• 10. Are NormsConstant?  1619-VA colonists required to grow hemp (cannabis sativa)  1770-Washington and Jefferson grow hemp (fabric, rope, paper)  1937-Marijuana Tax Act-hemp farming made illegal at fed. level  2002-CA, CO, IL, NY, OH decriminalize for medical purposes- other states give long prison sentences for possession (up to life w/out parole)  2005-Supreme Court rules that federal antidrug laws can still be used to prosecute
  • 11. Dominant Culture and Subcultures Although our culture is filled with many smaller subgroups, they are not all equal (size, wealth, power) Dominant culture-values norms, and practices of the group w/in society that is most powerful in terms of wealth prestige, status, influence, etc…  Others are seen as alternative or minority (2nd class)  Given cultural hegemony (ideas are accepted by all) Subcultures-a group differentiated by distinctive values, norms and lifestyle  Ex. age, ethnicity, interests  Harmonious with dom. culture
  • 12. Countercultures Counterculture –group w/in society that openly rejects and/or actively opposes society’s values and norms  Some political groups, others resist mainstream values  OK City bomber, Black Panthers, polygamist sects  171 militia mvmt. groups as of 2003 What is considered mainstream now may later be defined as deviant Why?-because values change over time and differ across cultures
  • 13. Culture Wars Culture wars-clashes w/in mainstream society over the values and norms that should be upheld  Values and morality  Played out on media Ideal culture-norms, values, and behavior that members of a society believe should be observed in principle Real culture-patterns of behavior that actually exist  May or may not correspond to ideal  What we believe in vs. what we do
  • 14. High, Low and Popular Culture How we define high and popular culture are based on traits of their audience  Boundaries-Diff. of class, education, race, etc… help create categories Popular culture-forms of communication assoc. w/ the masses and consumer goods High culture-forms of cultural expression usually assoc. w/ the elite classes  They can intersect (sampling, Led Zeppelin)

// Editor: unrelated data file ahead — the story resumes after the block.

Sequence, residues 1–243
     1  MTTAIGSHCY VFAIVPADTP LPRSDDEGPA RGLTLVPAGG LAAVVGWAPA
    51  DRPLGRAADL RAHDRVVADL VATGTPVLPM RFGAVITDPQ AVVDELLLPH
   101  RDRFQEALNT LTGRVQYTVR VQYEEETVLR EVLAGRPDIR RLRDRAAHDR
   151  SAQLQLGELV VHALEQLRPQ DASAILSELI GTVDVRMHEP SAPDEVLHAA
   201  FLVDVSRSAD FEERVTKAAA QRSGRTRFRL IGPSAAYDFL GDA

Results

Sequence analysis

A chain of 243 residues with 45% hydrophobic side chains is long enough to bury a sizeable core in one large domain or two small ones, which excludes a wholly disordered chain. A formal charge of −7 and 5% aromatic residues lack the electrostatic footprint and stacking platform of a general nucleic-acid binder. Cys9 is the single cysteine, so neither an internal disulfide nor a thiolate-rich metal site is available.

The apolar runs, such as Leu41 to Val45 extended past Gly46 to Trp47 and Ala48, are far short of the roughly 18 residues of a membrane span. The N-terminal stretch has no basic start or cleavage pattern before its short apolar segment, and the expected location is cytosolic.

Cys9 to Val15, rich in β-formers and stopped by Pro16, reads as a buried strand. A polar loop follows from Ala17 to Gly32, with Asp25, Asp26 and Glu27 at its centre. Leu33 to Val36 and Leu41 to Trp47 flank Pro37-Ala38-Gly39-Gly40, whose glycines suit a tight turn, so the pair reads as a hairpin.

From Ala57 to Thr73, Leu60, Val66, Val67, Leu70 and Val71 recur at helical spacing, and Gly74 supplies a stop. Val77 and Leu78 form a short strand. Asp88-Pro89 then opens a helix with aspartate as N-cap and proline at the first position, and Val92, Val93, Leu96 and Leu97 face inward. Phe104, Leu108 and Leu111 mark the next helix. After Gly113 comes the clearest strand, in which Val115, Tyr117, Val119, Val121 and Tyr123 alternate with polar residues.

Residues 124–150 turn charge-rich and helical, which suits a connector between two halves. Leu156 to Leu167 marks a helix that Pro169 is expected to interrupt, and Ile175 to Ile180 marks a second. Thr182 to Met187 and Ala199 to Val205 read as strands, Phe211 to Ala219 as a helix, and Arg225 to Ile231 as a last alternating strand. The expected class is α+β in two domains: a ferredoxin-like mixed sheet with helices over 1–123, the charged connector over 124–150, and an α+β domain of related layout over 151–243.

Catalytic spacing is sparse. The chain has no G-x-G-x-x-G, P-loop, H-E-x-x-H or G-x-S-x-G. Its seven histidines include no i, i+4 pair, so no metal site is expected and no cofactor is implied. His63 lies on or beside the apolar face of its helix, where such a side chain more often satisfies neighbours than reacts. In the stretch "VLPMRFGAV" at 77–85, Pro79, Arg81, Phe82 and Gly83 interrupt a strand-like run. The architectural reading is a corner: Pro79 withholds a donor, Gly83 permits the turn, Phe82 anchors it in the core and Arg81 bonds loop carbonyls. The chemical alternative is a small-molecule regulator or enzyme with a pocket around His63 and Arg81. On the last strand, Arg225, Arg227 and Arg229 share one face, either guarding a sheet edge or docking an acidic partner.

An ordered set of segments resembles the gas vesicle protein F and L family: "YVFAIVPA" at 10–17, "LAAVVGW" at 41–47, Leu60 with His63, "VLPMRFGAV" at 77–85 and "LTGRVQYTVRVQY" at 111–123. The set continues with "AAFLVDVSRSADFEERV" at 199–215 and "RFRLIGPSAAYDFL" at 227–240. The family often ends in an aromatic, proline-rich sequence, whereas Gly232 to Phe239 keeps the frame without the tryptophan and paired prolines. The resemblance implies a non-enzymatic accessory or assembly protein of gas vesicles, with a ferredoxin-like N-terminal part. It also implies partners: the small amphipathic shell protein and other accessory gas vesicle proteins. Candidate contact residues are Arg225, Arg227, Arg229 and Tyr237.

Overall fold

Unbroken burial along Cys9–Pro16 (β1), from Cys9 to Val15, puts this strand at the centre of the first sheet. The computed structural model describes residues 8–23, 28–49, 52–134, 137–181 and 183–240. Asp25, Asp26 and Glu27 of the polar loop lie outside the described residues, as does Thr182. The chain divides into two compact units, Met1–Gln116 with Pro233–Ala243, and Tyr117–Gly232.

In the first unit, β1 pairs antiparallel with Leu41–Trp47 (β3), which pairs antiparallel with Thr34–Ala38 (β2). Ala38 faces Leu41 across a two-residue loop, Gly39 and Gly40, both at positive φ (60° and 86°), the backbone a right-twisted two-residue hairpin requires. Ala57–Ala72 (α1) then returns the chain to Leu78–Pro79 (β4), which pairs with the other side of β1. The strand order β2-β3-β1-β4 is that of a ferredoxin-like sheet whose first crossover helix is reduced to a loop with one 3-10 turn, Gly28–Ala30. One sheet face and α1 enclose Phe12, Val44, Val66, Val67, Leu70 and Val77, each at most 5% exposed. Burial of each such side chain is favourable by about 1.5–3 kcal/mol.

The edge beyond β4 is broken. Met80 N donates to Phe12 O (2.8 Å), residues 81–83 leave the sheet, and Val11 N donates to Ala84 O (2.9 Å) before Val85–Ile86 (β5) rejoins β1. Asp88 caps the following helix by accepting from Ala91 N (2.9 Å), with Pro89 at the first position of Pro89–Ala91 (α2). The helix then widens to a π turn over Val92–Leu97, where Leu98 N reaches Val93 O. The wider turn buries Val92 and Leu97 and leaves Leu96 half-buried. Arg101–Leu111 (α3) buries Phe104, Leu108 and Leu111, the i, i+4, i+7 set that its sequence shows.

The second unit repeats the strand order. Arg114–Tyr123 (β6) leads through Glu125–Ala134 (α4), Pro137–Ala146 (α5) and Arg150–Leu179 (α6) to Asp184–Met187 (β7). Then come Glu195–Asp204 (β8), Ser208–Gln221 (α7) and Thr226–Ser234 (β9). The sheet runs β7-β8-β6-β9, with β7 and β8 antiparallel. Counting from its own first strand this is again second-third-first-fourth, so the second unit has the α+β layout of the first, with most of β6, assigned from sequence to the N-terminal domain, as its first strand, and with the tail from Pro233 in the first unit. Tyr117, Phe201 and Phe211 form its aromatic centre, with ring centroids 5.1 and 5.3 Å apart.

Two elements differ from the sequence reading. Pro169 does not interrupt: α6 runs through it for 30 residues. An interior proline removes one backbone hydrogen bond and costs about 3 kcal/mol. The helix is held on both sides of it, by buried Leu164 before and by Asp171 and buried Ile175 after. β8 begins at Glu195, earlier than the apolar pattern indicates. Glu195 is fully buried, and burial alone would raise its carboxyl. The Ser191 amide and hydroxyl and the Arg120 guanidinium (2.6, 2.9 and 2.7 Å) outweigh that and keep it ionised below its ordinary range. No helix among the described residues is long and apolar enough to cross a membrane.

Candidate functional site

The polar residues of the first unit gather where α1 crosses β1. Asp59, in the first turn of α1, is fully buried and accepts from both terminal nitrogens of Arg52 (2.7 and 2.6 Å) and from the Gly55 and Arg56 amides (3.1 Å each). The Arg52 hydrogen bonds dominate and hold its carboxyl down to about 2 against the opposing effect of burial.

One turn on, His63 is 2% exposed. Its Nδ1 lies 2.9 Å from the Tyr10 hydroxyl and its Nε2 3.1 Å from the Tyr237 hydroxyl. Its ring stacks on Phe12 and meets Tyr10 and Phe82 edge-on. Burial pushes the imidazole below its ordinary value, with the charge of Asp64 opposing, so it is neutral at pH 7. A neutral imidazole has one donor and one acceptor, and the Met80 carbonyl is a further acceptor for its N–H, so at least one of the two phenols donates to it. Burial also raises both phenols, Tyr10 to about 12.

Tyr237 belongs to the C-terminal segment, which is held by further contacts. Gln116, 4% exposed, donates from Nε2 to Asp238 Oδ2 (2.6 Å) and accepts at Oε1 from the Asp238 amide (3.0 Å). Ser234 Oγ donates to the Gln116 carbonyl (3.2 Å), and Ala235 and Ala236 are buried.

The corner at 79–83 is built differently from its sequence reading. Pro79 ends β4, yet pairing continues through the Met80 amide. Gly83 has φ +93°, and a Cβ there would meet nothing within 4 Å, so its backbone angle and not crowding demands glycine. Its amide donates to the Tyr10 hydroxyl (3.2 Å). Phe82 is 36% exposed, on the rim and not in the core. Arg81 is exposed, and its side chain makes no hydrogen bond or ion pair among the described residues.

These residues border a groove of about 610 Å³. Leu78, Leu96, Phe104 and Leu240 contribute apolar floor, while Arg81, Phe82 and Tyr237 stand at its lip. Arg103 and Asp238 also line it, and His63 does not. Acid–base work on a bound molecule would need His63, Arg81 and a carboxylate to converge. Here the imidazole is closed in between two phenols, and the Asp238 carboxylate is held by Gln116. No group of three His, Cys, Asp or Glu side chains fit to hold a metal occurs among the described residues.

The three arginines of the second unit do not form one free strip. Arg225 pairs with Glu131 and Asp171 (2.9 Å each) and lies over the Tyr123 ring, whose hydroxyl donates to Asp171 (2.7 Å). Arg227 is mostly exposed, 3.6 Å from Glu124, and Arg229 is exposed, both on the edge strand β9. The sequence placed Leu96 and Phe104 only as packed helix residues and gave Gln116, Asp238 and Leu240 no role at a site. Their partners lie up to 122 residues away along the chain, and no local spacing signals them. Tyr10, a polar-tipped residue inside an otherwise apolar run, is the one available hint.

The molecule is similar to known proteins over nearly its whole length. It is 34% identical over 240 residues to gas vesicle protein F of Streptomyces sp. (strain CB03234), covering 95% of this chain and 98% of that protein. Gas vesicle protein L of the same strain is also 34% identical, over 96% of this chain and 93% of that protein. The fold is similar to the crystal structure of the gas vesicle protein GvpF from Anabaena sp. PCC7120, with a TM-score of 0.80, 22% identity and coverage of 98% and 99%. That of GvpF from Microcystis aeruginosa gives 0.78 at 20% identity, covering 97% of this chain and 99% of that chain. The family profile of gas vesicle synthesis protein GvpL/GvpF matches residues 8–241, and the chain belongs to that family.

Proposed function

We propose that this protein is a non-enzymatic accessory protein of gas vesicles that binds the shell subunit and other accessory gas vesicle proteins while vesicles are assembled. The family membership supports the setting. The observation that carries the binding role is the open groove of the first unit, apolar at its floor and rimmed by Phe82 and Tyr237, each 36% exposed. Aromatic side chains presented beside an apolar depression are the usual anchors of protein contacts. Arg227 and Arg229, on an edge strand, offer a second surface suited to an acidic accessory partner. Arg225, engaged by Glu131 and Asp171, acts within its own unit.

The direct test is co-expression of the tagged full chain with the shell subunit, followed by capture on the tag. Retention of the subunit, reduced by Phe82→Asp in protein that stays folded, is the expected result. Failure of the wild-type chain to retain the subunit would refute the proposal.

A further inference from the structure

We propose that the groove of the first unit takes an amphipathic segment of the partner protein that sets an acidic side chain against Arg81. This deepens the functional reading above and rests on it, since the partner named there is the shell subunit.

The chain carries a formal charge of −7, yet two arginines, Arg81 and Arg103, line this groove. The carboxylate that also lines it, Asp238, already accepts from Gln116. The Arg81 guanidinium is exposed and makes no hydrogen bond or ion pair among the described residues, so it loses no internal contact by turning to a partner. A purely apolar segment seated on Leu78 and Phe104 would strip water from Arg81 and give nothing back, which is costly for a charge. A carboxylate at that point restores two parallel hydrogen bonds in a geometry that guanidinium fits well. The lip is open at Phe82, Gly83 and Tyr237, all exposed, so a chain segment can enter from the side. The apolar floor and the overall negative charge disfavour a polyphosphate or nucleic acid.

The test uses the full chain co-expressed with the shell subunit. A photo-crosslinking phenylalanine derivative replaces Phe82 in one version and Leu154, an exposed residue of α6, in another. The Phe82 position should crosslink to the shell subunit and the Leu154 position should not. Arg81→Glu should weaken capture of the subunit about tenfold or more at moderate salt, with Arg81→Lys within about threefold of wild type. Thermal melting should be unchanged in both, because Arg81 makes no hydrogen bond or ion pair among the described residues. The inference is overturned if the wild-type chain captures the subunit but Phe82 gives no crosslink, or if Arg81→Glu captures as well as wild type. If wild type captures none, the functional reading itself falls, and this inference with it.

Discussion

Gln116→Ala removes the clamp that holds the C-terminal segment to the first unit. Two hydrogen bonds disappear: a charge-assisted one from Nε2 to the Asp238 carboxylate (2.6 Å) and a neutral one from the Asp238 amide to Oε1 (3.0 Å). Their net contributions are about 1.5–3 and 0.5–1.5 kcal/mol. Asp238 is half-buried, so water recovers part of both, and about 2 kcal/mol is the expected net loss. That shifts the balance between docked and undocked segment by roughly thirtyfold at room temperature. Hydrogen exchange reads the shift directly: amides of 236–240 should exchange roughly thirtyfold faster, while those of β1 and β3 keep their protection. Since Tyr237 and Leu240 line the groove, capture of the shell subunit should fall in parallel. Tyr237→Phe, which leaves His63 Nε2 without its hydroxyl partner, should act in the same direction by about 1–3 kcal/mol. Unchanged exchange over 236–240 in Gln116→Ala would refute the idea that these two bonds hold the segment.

• 15. High, Low and Popular Culture David Halle (1993)-upper class vs. working class homes Taste publics-groups of people who share similar artistic interests Taste cultures-areas of culture that share similar aesthetics and standards of taste
  • 16. Polysemy Polysemy-having many possible meanings for a cultural product  The Simpsons  Audiences come from different backgrounds, which help define experiences  We make meaning individually and together Interpretive community-group of ppl. dedicated to the consumption and interpretation of a cultural product
  • 17. Cultural Change Happens slowly and incrementally Technology-material artifacts and the knowledge and techniques required to use them  How is the digital revolution shaping our culture? Technological determinism-developments in material culture drive social change  “The medium is the message”-McLuhan  The medium is what actually has the greater power to change our cultural framework
  • 18. Cultural Diffusion and Imperialism Cultural diffusion-dissemination of beliefs and practices from one group to another  Usually occurs in direction from more developed to less developed nations Cultural leveling-process by which cultures that were once distinct become increasingly similar  Wal-Marts, malls, chain-restaurants, etc… Cultural Imperialism-imposition of one’s culture’s beliefs, practices and artifacts on another culture through mass media and consumer goods  Like an invading force